Pucks in Deep: Hockey is giving women the cold shoulder
In her familiar No. 26 USA sweater, one which immediately ignited chants from the SAP Center crowd, Kendall Coyne Schofield became the star of the National Hockey League’s All-Star Weekend before a single NHL player participated in any competition.
The annual NHL Superskills event suffers from television’s failure to capture the nuanced skills of the league’s stars. The ease with which each player performs the task put before them — say, firing at targets in each corner of the net in the accuracy shooting competition — diminishes the awe we feel watching any one performance. In the case of the fastest skater competition in which Coyne participated, we have an on-screen clock to provide some context for what we are watching, but that clock does nothing to promote the sensation of speed as each participant laps the ice. The tight camera angle NBC Sports Network chose to show each run provided the opportunity to closely observe Coyne’s instant acceleration, the tightness of her crossovers as she rounded the nets and the long strides she used to glide through the neutral zone, but again, without any other players, let alone regular people, it wasn’t obvious just how fast she went. If the live broadcast left uncertainty about her speed, the reaction shots of the benches, peopled by about 40 of the best hockey players in the world, assuaged it. Every player rose, instantly compelled to their feet by Coyne’s performance and eager to congratulate her for it, because of course, Coyne didn’t just earn notoriety by being the first woman to participate at Superskills, she did it by making it indubitably clear that she belonged in the competition of the NHL’s fastest skaters.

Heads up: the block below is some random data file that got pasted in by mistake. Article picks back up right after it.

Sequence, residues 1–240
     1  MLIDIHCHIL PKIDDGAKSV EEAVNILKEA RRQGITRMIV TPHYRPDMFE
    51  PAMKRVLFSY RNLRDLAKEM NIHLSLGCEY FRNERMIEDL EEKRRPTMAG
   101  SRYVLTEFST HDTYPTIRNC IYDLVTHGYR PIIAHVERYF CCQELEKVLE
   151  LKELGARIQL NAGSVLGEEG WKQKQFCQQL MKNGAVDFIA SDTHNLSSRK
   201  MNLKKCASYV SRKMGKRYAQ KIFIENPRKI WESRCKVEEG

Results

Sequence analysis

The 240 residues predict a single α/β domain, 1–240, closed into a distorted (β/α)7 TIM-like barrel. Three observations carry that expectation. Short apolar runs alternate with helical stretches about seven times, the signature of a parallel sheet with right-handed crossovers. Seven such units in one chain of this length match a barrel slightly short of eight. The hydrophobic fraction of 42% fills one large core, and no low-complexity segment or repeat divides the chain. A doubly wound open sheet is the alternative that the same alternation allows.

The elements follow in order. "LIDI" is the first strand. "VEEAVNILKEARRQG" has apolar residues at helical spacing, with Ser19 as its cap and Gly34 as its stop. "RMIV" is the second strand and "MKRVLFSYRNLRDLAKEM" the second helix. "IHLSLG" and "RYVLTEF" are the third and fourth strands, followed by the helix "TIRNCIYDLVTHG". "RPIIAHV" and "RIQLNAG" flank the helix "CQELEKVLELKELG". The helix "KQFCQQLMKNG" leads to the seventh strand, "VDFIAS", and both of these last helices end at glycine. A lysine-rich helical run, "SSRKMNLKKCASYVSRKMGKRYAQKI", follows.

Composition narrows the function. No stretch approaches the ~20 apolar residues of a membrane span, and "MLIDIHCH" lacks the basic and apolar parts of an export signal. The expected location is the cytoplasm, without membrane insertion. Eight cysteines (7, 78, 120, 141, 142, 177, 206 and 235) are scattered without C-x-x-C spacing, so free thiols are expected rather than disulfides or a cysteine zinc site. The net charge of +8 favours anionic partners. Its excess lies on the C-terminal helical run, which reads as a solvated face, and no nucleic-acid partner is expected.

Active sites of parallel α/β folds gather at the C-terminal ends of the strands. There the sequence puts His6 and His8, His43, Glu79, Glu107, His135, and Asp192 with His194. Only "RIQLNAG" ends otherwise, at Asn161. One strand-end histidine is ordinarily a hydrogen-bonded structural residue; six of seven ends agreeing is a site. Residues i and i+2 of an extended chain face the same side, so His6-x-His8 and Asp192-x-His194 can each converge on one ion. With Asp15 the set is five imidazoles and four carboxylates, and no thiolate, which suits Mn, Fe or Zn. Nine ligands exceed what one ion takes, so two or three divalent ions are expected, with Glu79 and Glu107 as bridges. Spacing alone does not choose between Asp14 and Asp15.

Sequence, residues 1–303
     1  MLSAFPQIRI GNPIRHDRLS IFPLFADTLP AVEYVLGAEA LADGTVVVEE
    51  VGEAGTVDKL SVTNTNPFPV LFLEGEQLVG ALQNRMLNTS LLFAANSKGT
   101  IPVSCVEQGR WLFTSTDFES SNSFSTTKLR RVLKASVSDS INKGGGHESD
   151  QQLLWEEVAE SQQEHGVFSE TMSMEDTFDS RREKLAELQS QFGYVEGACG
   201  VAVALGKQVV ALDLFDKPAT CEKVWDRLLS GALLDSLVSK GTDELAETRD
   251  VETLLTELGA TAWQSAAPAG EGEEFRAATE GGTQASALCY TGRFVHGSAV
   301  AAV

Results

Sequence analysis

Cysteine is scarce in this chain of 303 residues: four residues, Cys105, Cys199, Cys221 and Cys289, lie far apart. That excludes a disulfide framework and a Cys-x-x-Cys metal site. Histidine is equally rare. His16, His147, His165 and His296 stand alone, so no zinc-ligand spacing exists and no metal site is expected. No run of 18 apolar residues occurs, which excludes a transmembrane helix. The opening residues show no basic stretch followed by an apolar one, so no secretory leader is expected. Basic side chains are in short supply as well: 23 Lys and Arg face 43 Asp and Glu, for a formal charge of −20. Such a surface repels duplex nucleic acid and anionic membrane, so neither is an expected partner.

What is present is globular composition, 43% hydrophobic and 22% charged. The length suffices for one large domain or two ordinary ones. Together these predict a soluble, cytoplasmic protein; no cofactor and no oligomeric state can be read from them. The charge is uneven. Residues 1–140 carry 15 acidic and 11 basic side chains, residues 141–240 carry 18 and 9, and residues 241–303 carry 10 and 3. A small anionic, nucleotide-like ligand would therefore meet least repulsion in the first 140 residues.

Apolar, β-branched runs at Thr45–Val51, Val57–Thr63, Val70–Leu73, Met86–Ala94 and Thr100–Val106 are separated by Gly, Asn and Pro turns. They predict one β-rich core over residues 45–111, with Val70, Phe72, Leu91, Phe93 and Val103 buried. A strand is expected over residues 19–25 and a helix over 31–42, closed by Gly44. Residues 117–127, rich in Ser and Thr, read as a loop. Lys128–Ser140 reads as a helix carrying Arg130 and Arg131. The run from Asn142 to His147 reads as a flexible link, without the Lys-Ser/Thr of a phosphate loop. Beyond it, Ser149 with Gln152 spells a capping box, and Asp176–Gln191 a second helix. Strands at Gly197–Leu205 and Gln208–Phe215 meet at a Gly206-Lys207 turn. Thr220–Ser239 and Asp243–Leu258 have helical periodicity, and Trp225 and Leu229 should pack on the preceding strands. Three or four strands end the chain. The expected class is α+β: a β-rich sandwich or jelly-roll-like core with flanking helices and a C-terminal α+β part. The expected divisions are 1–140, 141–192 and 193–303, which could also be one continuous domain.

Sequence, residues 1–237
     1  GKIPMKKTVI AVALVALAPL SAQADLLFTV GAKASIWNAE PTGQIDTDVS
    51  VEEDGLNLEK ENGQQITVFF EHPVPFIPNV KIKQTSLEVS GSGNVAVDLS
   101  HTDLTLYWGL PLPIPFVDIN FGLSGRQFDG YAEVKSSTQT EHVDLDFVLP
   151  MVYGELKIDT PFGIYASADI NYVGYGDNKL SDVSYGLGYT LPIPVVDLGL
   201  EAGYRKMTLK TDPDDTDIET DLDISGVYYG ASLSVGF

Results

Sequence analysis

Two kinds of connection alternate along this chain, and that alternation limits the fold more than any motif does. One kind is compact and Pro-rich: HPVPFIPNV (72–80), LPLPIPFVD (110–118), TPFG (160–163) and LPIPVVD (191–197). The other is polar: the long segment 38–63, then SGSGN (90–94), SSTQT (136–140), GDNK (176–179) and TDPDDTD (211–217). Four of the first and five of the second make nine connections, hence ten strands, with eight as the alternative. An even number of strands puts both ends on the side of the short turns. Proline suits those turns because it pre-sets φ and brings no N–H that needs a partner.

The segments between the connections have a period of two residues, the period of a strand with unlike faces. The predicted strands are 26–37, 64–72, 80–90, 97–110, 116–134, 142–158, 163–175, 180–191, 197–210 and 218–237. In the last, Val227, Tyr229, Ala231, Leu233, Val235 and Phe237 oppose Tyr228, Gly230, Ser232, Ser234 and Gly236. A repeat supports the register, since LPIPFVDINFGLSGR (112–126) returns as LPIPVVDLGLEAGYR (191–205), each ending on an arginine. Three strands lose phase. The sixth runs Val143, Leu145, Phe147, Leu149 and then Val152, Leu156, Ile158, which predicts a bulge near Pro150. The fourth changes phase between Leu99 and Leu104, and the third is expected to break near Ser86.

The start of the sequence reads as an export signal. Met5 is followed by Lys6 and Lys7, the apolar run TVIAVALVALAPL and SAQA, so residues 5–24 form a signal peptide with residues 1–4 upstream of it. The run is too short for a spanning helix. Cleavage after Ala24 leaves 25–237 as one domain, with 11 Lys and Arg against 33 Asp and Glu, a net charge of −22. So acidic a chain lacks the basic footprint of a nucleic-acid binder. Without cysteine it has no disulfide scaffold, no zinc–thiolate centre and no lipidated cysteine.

If Coyne’s performance came as a surprise, the end result of the fastest skater competition was not. Connor McDavid, who entered the competition as the back-to-back champion, became the first player to ever win the event thrice. But of course, it was Coyne, not McDavid, whose performance deservedly drew the hockey world’s attention. Her time of 14.346 seconds came in less than a second slower than McDavid’s 13.378. She beat Arizona Coyotes forward Clayton Keller. And she went even faster (14.226 seconds) in the lap she skated Thursday night as a demonstration of the event. Coyne stands at just 5-foot-2, nearly a foot shorter than McDavid, and yet despite this stride disadvantage, she showed that her inclusion in the event was much more than an attempt to “grow the game” and promote “diversity and inclusion” to borrow from the buzzwords of commissioner Gary Bettman. Irrefutably, Coyne’s inclusion improved the quality of the competition.
The obvious implication of Coyne’s performance is that we are overdue for the inclusion of women at the highest level of hockey. Of course, a skills event does not equate to the physicality of an actual game, but Coyne shredded the conventional perception that women simply lack the size and strength to play alongside men. As the NHL’s ever-progressing transition toward a game predicated much more on speed and skill than size and strength, players like Johnny Gaudreau —winner of Friday night’s puck control relay, among the front runners for the Hart Trophy as league MVP and a mere 5-foot-9, 165 pounds — have found opportunities they would never have been afforded if they came up in hockey before our current era. Gaudreau’s dazzling puck skills would not have been enough to convince the average NHL coach or general manager from the ’90s that someone who would not look physically imposing in an eighth grade basketball game belonged in the National Hockey League. If players like Gaudreau can thrive in today’s game, there is no legitimate reason to doubt that Coyne, the other three women who participated in the Superskills event (Brianna Decker, Rebecca Johnston and Renata Fast) and the many other supremely talented women in professional hockey can do the same.